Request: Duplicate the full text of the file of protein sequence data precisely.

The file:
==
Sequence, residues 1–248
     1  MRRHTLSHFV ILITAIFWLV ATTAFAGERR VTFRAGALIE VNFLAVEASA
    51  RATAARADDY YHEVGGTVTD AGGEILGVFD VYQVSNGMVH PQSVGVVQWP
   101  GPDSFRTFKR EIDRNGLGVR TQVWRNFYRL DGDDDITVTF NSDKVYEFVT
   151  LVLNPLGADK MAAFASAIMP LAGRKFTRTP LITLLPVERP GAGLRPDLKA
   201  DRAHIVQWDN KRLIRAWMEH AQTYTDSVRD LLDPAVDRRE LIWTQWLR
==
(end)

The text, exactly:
Sequence, residues 1–248
     1  MRRHTLSHFV ILITAIFWLV ATTAFAGERR VTFRAGALIE VNFLAVEASA
    51  RATAARADDY YHEVGGTVTD AGGEILGVFD VYQVSNGMVH PQSVGVVQWP
   101  GPDSFRTFKR EIDRNGLGVR TQVWRNFYRL DGDDDITVTF NSDKVYEFVT
   151  LVLNPLGADK MAAFASAIMP LAGRKFTRTP LITLLPVERP GAGLRPDLKA
   201  DRAHIVQWDN KRLIRAWMEH AQTYTDSVRD LLDPAVDRRE LIWTQWLR